Caproni Ca.4 / Ca.40 / Ca.41 / Ca.42 / Ca.48 / Ca.52 / Ca.58 / Ca.1000HP
In parallel with the Ca 3 biplane bomber, Caproni also evolved a comparatively small series of bomber triplanes, collectively designated Ca 4. Larger than the Ca 3, the first three Ca 4s (Ca 40) appeared in late 1917 and were powered by three 200-hp Isotta-Fraschinis engines. One engine was mounted to drive a pusher propeller at the rear of the central crew nacelle, and the other two were tractor-mounted in front of the middle wing leading edge in the noses of the twin booms. The crew was increased to five, by virtue of having two separate rear gunner positions (one in each fuselage boom) instead of the single, central cage position on the Ca 3. The prototype and the first three production Ca.4s had angular crew nacelles, but all later examples of the Ca.1000HP (its initial designation arising from the total horsepower provided by the prototype's engines) had carefully contoured rounded nacelles. A third gunner's cockpit was located at the front of the nacelle forward of the side-by-side cockpits for the pilot and co-pilot.
The first Ca 4s were underpowered, and the 12 which followed (Ca 41) were uprated to three 270-hp IF engines, having also an oval-section central nacelle with tandem seating for the two pilots.
The principal (Ca 42) versions reverted to side-by-side pilot seating and were also fitted with uprated 223.6kW Fiat A.12s, 223.6kW Isotta-Fraschini V.5s or 298kW Liberty engines. Even with the extra power, they were regarded as too slow for daylight operations, and were employed chiefly as night bombers, carrying up to 1450 kg (3197 lb) in a coffin-shaped container between the main units of the landing gear.
The Ca. 42 could carry a 1450-kg (3200-lb) bomb load over a long range, but the type was difficult to fly, and being slow, was vulnerable to fighter attack despite an arsenal of defensive weapons, including machine-guns and a cannon on some examples. Twenty-three were built, mostly for the Italian Navy, who used them on night bombing raids and in daylight against the Austrians during the final assault at Vittorio Veneto. Six Liberty-powered Ca.42s were supplied to the British Royal Naval Air Service, though they apparently never left Italy.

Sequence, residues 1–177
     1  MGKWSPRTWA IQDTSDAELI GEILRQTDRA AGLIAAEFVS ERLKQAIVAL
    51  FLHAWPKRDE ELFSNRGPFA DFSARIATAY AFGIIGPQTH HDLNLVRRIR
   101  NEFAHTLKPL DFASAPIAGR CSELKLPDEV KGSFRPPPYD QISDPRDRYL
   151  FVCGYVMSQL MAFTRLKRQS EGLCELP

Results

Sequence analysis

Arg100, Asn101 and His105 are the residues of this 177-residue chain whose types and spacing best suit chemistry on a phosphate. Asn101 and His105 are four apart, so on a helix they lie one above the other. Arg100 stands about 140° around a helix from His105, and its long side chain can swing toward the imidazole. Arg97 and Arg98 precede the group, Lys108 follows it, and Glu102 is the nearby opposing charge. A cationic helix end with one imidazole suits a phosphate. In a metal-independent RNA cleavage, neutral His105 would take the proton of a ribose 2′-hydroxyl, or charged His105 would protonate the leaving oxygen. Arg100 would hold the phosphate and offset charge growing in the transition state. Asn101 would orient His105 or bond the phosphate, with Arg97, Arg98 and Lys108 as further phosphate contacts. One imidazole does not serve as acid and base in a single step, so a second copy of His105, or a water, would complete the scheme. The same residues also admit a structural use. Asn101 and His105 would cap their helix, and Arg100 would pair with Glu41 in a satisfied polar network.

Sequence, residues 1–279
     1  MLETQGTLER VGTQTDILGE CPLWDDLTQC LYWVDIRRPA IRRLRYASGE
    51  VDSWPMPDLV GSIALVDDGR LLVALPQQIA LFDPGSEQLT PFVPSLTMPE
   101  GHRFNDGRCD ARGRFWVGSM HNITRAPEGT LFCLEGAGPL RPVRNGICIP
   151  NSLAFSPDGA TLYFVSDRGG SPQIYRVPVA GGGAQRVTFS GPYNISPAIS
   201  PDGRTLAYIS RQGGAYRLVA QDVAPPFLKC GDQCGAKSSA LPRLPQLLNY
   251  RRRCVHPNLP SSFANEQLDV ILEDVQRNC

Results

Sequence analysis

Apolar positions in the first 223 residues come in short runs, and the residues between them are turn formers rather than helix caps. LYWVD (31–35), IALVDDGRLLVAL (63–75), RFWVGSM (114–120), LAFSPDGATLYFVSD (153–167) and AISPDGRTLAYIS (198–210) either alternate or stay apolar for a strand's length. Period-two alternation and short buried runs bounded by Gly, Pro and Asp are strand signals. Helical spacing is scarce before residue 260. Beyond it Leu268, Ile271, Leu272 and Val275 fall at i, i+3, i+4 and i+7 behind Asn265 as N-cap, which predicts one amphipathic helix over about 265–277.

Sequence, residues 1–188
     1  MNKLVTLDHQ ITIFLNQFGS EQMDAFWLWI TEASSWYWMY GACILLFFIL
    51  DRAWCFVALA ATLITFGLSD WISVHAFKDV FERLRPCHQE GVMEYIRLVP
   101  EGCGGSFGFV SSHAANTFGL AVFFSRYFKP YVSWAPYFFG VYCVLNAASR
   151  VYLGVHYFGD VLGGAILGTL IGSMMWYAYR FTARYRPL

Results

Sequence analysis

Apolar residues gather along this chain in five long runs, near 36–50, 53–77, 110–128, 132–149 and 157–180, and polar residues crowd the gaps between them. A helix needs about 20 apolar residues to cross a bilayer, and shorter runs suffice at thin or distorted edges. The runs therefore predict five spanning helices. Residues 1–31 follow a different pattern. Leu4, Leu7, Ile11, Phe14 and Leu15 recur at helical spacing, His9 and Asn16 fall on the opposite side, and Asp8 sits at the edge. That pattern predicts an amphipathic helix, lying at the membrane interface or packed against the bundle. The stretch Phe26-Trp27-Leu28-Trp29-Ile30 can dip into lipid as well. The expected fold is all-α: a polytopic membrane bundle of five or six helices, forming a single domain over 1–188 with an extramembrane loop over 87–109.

The British Government requested the Italian authorities a few copies of the Ca 42 in order to evaluate it. Caproni built 6 airplane designated Ca.52, differing from the Italian model by Lewis guns paired in the front seat of the fuselage and space for British bomb sizes. They received the RNAS serials N526 to N531 and were used briefly by No. 6 Squadron in Otranto (Italy) and then returned to Italy.
Variants of the triplane Ca 4 series included a twin-engined, twin-float torpedo bomber prototype (Ca 43), and two (Ca 51 and Ca 52) which featured a biplane tail unit, incorporating a rearward-firing gun position.
Total production of all versions of the Ca.4 was 42.
One Ca.4 was converted to a seaplane by the substitution of huge twin floats for the land undercarriage. Post-war, the Ca.48 23-passenger conversion made a notable flight from Milan to London in 1919. Another civil conversion for 30 passengers was tested the following year under the designation Ca.58.
The British Government requested the Italian authorities a few copies of the bomber triplane Caproni Ca 42
in order to evaluate it. Caproni built six aircraft designated Ca.52 which differed from the Italian model by mounting a pair of Lewis guns in the front seat of the fuselage and a bombay for British bomb sizes.
The aircraft received RNAS serials from N526 to N531 and were used briefly by No. 6 Squadron in Otranto (Italy) and then returned to Italy.
Engines: 3 x Isotta-Fraschini, 190kW
Max. speed: 126 km/h / 78 mph
Ceiling: 3000 m / 9850 ft
Armament: 4 x 6.5mm machine-guns, 1450kg of bombs
Engines: 3 x Fiat or Isotta-Fraschini, 200 hp.
Gross weight: 6440-kg (14,200-lb).
Maximum speed: 125 kph (78 mph).
Wing span: 130 ft.
Engines: Liberty, 400-hp.
Span: 29.90 m (98 ft 1.25 in)
Length: 15.10 m (49 ft 6.5 in)
Gross weight: 7500 kg (16535 1b)
Maximum speed: 140 km/h (87 mph)